Michael Sam and the Seahawks

Mizzou Football Media DayOn Sunday, Feb. 9th, Missouri defensive end and 2014 NFL hopeful Michael Sam became the first Division I football player to come out as gay.

Like any announcement of this significance, the moment was met with a variety of reactions across the public spectrum. Pundits and players alike weighed in on Sam’s revelation, with most initial offerings proving to be fairly positive in nature.

Seahawks linebacker (and Super Bowl MVP) Malcolm Smith was one of the first and most prominent athletes to share his take on the news, providing the following comments via Twitter:

Smith’s opinion was thoughtful and enlightened and in stark contrast to comments on homosexuality made by his teammate, Chris Clemons, in March, 2013.

The 32-year-old Clemons, who recorded 24 tackles and 4.5 sacks in a relatively quiet 2013 campaign, will likely be released in the coming weeks to save the team more than $7 million in cap space for next year. It’s not irony, by definition, but in a unique twist of peculiarity, the vacancy left by Clemons’ departure could very well open up a roster spot for a rookie defensive end like, say, Michael Sam. But we’ll get to that in a moment.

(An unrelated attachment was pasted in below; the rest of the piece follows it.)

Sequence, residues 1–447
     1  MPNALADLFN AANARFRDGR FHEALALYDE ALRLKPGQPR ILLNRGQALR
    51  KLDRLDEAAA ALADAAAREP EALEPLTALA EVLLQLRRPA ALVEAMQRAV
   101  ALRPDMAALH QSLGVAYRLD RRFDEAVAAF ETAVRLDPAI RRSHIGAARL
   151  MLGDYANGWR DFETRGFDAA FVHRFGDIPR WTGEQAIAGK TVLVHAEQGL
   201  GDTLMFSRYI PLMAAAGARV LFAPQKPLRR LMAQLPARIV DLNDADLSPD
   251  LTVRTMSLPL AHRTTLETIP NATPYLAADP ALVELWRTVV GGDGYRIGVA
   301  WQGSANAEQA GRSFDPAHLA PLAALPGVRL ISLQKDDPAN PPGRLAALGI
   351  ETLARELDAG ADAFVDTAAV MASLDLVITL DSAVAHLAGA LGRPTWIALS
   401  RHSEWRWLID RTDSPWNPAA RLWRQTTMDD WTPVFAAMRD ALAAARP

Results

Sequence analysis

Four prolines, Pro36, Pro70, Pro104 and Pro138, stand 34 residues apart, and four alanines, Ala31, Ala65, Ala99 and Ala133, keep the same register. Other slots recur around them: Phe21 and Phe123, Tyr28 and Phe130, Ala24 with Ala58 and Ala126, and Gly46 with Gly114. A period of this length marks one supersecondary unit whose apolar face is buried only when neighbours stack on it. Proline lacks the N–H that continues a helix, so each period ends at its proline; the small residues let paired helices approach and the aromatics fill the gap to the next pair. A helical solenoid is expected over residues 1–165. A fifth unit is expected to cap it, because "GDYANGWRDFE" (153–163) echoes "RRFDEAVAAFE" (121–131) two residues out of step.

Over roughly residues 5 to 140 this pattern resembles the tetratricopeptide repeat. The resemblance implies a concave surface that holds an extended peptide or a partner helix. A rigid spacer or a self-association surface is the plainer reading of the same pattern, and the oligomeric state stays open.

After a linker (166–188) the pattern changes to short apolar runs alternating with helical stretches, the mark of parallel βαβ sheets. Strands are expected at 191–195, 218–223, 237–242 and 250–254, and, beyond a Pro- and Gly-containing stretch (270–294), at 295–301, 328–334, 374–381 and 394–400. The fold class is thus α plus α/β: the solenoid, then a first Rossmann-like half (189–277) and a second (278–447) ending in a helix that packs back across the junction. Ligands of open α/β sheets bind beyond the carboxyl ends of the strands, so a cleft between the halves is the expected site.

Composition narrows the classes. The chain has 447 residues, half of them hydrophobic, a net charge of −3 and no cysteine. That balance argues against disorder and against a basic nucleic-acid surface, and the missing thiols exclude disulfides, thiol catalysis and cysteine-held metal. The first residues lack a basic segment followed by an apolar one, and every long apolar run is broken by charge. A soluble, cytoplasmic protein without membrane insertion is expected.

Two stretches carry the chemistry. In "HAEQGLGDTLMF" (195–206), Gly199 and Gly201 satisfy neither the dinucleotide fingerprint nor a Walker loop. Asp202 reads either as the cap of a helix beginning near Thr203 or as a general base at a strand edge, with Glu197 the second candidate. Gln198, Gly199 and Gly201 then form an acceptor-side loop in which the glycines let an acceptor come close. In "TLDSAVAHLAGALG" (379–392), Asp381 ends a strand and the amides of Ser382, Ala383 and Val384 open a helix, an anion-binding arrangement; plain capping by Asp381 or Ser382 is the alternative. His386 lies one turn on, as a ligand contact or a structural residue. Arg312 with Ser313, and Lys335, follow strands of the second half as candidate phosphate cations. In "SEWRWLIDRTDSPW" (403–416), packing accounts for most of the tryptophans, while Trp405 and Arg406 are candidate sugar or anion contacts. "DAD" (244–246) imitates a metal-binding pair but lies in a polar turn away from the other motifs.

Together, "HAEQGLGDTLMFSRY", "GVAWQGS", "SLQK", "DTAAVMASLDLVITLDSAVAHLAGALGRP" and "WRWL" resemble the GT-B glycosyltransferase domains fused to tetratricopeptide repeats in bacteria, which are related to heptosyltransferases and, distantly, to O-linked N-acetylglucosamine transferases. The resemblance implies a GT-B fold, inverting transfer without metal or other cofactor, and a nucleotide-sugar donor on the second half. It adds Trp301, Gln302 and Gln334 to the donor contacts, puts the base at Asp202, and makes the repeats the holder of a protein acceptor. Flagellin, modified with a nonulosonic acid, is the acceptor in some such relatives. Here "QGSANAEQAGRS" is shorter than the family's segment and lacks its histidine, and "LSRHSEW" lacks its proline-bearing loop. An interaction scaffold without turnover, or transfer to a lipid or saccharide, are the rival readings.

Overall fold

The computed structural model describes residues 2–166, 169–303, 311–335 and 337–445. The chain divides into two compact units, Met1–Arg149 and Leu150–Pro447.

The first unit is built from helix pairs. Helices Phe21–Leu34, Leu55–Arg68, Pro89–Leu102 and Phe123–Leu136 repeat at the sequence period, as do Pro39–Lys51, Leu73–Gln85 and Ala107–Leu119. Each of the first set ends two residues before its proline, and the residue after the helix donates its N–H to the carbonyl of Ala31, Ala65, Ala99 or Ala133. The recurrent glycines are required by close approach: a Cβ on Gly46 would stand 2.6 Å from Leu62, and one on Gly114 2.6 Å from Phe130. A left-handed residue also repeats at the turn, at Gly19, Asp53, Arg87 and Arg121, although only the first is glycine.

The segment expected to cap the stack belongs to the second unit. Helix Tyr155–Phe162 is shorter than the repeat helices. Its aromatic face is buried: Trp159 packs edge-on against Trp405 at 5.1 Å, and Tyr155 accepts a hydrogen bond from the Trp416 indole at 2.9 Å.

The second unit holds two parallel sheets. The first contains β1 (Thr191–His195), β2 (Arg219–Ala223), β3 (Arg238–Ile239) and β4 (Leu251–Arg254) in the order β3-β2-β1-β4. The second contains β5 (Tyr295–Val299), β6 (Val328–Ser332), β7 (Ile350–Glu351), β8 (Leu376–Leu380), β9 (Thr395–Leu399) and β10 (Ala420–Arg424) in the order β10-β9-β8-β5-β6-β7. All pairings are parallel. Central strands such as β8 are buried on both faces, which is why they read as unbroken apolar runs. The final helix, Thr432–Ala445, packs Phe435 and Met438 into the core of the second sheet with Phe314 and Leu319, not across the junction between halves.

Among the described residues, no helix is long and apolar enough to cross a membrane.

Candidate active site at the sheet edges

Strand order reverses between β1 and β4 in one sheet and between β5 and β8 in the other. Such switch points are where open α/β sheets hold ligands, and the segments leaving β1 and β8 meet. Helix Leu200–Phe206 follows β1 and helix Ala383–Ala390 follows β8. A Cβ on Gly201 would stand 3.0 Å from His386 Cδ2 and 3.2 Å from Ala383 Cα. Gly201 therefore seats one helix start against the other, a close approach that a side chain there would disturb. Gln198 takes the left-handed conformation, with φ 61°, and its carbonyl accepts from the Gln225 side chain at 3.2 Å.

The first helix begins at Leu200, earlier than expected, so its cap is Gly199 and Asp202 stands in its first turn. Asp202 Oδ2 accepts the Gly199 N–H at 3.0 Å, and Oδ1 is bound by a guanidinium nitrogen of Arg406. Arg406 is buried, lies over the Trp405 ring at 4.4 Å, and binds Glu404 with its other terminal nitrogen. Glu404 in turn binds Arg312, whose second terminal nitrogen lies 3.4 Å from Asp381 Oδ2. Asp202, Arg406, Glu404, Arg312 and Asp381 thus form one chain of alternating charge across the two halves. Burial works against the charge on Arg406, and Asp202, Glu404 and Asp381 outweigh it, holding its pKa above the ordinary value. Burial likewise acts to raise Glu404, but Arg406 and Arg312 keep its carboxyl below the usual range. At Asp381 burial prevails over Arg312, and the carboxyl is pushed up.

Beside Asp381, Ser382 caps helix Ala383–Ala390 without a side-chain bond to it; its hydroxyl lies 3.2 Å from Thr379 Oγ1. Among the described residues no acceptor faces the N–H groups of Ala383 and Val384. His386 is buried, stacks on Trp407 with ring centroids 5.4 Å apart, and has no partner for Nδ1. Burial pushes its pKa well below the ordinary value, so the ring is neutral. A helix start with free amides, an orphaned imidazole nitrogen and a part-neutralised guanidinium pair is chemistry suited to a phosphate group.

With his landmark announcement, every franchise in the NFL will now be answering the question of how a player of Sam’s sexual orientation could potentially fit in with their team. Though there have been gay NFL players in the past, none have revealed themselves to be homosexual until retirement. Should he make a roster, Sam would become the first active athlete in the NFL who is publicly out.

The conversation about whether it is fair or unfair for teams to acknowledge Sam’s sexuality is a moot point — for now. We all know that professional sports franchises don’t operate in the same vein as your standard American workplace. But as more and more players follow Sam’s lead in the coming years, we can all hope that sports will progress to the point of becoming apathetic towards the sexual orientation of athletes. For the time being, however, the situation is new, revolutionary, and will undoubtedly inspire a host of questions. The Seahawks, as an organization that could vie for Sam’s services, are by no means exempt from speculation.